5. Van Buren, squired into office by the close popular vote but by the comfortable margin of 170 to 124 votes (for all the Whigs combined) in the Electoral College N. Big Woes for the “Little Magician” 1. Martin Van Buren, eighth president, was the first to be born under the American flag 2. An accomplished strategist and spoils man—the “wizard of Albany”—he was also a statesman of wide experience in both legislative and administrative life 3. From the outset the new president labored under sever handicaps a. As a machine-made candidate, he incurred the resentment of many Democrats—those who objected to having a “bastard politician” smuggled into office behind Jackson b. Mild-mannered Martin Van Buren seemed to rattle in the military boots of his testy predecessor; the people felt let down and Van Buren inherited the Jackson’s enemies c. Van Buren’s four years overflowed with toil and trouble; a rebellion in Canada in 1837 stirred up ugly incidents along the northern frontier and threatened to trigger war with Britain; the president attempted to play a neutral game d. The antislavery agitators in the North were in full cry; among other grievances, they were condemning the prospective annexation of Texas; worst of all, Jackson bequeathed to Van Buren the makings of a searing depression—hard times ordinarily blight the reputation o the president and Van Buren was no exception O. Depression Doldrums and the Independent Treasury 1. The panic of 1837 was a financial sickness of the times; its basic cause was rampant speculation prompted by a mania of get-rich0quickism—gamblers in western land s were doing a “land-office business” on borrowed capital, much of it the shaky currency of “wildcat banks”—the speculative craze spread to canal, roads, railroads, and slaves 2. But speculation alone did not cause the crash; Jacksonian finance, including the Bank War and the Specie Circular, gave an additional jolt to an already teetering structure a. Failures of wheat crops, ravaged by the Hessian fly, deepened the distress b. Grain prices were forced so high that mobs in New York City Stormed warehouses and broke open flour barrels, three weeks before Van Buren took the oath c. Financial stringency abroad likewise endangered America’s economic house of cards; late in 1836 the failure of two prominent British banks created tremors, and these in turn caused British investors to call in foreign loans—resulting pinch in the United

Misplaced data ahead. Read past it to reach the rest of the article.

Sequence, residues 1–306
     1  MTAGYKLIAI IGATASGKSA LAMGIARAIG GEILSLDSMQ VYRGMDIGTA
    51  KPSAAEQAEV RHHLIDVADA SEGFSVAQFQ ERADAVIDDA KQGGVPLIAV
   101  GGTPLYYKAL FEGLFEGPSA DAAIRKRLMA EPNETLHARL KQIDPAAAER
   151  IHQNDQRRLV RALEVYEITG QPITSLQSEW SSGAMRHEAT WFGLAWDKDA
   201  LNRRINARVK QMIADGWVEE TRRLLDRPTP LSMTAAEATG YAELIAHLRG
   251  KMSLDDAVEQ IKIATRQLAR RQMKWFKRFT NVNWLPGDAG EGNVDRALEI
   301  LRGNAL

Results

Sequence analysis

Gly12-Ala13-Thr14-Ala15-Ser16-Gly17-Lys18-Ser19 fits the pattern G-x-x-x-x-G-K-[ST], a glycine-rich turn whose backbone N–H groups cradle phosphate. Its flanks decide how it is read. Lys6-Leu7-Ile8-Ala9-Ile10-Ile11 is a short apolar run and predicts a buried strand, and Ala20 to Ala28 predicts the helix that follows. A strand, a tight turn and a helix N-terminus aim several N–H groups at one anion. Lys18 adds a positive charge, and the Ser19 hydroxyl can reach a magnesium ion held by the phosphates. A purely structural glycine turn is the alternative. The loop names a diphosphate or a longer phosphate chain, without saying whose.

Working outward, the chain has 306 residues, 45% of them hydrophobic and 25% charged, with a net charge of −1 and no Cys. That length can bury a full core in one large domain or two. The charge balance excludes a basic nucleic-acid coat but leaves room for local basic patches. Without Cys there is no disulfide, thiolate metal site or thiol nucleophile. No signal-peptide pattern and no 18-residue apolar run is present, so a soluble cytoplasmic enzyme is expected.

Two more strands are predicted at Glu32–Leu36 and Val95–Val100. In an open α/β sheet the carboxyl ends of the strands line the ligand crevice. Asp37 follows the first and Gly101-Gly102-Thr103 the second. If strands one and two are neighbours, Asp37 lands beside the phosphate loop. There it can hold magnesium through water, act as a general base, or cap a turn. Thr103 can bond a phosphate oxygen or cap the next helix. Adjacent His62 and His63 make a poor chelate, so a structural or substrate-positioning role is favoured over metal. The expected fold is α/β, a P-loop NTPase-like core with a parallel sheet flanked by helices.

States, combined with other setbacks, heralded the beginning of the panic d. Europe’s economic distresses have often become America’s distresses, for every major American financial panic has been affected by conditions overseas 3. Hardship was acute and widespread; American banks collapsed by the hundreds, including some “pet banks,” which carried down with them several millions in gvt funds; commodity prices drooped, sales of public lands fell off, and customs revenues dried 4. Factories closed their doors and unemployed workers milled in the streets 5. The Whigs came forward with proposals for active government remedies for the economy’s ills; they called for the expansion of bank credit, higher tariffs, and subsidies for internal improvements but Van Buren spurned all such ideas (shackled by Jackson) 6. The beleaguered Van Buren tried to apply vintage Jacksonian medicine to the ailing economy through his controversial “Divorce Bill”; convinced that some of the financial fever was fed by the injection of federal funds into private banks, he championed the principle of “Divorcing” the government from banking altogether 7. By establishing a so-called independent treasury, the government could lock its surplus money in vaults in several of the larger cities; government funds would thus be safe, but they would also be denied to the banking system as reserves (lest credit resources) 8. Van Buren’s “divorce” scheme was never highly popular; his fellow Democrats only supported it lukewarmly and the Whigs condemned it...
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